If you're giving flow of control to the API the response is to wait until hell freezes over, or the user presses ctrl-alt-del. If you're calling it asynchronously the typical strategy is to timeout.
If the API throws an exception, easy: clean up, log, and display the error.
Whatever you do, don't fail quietly. I hate debugging things that fail quietly.
If the API returns but hands you nothing, that is, null or nil, well that means whatever the API documented that to mean. Null is overloaded to mean many things. It is a gaping hole in the typing system. Sir Hoare called it his billion dollar mistake.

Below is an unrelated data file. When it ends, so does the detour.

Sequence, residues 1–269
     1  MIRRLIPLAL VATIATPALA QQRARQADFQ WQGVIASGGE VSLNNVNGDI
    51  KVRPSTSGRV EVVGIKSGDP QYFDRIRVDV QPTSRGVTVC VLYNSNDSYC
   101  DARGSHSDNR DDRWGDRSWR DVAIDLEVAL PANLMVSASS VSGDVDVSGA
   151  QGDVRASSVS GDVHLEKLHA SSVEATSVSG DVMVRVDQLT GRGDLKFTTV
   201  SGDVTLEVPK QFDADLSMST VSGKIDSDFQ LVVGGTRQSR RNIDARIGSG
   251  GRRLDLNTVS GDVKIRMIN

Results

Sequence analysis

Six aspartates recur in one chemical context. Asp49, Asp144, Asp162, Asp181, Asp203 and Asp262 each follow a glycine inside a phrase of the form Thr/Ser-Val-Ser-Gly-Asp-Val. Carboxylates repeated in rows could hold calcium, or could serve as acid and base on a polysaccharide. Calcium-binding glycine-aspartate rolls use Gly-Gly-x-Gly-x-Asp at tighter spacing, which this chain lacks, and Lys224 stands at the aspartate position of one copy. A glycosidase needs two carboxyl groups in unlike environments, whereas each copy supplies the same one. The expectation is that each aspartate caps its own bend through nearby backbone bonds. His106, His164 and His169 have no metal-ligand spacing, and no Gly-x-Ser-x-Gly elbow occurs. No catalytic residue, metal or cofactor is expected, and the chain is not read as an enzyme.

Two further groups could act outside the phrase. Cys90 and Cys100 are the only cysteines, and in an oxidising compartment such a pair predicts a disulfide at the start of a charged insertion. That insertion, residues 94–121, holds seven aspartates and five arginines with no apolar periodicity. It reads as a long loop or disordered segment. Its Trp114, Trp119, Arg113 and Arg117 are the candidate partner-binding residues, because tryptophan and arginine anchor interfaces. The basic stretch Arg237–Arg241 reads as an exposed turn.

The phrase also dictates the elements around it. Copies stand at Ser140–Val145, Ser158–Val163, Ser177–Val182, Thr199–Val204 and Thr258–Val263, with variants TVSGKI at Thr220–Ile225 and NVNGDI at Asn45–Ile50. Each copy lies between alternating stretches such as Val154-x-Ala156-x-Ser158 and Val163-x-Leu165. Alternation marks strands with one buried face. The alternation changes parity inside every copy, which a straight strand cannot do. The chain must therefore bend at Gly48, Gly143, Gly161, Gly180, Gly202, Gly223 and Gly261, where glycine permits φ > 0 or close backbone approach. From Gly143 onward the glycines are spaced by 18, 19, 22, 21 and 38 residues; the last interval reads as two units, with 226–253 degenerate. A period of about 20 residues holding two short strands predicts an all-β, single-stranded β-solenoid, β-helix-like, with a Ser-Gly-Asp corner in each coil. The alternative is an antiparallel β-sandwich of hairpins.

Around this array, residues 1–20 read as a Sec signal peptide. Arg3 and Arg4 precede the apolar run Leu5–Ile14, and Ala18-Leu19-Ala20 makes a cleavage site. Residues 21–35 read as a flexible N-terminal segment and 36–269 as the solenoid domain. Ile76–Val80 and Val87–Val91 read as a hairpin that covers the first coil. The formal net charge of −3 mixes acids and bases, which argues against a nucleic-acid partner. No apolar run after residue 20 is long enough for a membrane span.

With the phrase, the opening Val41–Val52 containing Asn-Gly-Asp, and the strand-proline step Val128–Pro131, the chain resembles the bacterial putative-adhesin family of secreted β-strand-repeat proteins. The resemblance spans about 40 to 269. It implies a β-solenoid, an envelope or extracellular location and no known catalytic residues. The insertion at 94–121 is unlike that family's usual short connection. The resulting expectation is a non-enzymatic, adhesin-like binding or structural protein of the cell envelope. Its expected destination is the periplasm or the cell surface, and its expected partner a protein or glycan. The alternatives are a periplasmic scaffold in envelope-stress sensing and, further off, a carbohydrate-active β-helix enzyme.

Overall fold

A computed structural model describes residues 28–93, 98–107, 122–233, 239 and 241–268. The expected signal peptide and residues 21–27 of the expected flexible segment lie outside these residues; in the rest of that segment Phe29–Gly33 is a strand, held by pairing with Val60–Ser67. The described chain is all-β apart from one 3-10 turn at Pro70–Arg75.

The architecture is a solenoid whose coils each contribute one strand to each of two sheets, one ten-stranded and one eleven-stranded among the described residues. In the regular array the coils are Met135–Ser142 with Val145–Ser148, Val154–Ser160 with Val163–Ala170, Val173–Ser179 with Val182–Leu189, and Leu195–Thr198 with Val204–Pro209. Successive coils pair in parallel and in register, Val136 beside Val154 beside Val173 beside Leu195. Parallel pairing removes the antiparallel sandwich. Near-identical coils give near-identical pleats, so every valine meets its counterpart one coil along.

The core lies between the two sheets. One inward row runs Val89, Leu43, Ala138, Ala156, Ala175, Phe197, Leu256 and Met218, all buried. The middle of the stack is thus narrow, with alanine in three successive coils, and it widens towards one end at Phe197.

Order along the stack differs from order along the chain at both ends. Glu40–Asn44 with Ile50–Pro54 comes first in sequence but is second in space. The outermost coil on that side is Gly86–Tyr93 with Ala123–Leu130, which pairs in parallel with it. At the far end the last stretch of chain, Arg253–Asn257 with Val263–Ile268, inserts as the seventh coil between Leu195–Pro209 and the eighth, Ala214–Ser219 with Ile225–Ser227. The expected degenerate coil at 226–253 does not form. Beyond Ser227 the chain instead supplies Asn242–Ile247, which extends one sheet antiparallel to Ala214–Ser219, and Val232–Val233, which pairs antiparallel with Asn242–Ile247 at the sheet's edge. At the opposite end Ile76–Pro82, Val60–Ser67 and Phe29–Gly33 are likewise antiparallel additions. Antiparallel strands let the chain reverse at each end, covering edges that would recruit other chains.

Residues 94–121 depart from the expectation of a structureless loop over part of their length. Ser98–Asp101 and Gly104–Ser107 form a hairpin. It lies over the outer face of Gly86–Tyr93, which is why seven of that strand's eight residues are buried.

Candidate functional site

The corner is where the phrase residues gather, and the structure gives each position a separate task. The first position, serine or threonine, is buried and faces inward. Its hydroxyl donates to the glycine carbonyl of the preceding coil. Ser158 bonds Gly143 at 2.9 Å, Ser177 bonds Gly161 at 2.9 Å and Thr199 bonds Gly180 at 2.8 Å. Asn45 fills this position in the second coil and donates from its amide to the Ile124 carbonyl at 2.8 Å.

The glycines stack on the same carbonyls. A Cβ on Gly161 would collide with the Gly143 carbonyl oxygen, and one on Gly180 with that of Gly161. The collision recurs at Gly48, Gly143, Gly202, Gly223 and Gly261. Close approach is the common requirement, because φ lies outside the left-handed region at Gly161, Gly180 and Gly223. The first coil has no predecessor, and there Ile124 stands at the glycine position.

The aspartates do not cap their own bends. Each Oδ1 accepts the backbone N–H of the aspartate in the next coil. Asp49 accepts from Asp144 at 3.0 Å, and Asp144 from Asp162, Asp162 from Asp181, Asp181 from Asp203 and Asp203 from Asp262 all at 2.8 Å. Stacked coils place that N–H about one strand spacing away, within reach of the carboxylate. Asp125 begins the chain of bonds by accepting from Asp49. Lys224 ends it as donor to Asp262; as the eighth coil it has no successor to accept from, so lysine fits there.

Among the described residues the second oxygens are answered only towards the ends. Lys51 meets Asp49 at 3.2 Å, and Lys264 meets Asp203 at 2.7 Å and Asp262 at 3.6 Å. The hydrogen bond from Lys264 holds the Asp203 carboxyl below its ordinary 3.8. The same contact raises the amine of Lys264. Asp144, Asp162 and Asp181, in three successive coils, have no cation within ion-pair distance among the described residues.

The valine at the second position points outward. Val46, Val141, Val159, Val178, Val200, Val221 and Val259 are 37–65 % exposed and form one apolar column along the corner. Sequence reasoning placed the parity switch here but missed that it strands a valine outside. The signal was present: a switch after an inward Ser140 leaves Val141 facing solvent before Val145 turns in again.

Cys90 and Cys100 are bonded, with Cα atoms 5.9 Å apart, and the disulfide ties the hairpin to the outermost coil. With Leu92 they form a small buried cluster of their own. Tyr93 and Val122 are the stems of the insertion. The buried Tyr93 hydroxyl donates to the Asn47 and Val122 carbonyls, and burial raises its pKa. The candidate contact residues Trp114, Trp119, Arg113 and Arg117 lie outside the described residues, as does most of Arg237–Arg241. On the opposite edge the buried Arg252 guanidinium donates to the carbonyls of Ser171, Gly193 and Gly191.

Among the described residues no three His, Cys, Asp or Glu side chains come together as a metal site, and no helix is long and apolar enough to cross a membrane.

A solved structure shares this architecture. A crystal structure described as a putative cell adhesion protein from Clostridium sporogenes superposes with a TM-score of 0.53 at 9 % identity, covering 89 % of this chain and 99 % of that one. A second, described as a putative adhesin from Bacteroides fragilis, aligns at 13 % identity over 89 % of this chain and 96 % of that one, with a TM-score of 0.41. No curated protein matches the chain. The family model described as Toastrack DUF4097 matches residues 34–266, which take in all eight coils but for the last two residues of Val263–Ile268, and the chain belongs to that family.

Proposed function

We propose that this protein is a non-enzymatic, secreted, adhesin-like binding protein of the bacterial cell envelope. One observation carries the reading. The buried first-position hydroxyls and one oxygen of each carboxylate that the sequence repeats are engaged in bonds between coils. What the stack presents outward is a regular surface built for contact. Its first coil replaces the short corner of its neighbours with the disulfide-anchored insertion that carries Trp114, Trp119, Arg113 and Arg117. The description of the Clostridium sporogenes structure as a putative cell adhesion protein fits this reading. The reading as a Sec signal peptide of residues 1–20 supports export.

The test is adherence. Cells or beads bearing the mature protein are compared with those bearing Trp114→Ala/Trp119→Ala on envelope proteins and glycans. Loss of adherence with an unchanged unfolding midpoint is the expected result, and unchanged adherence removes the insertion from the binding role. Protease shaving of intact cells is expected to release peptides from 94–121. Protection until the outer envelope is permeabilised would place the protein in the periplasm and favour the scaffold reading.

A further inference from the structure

When you ask for something you are making a query, that is, asking a question. Every question has a premise. Something it assumes to be true. When that assumption is wrong we respond with something other than was expected. We may be in a system that assumes it can ask for the height of anything and find ourselves modeling a song. When asked the height of a song how can you respond? Make up some amplitude nonsense and stick it in a height object? We usually respond with an exception, an error code, a NaN, or in some sad cases, with a null. Each API will have already made this decision. Whatever they did, if it violates the expectations of the question just please, don't fail quietly. Give some idea what might be wrong. Even 404 is better than a blank page.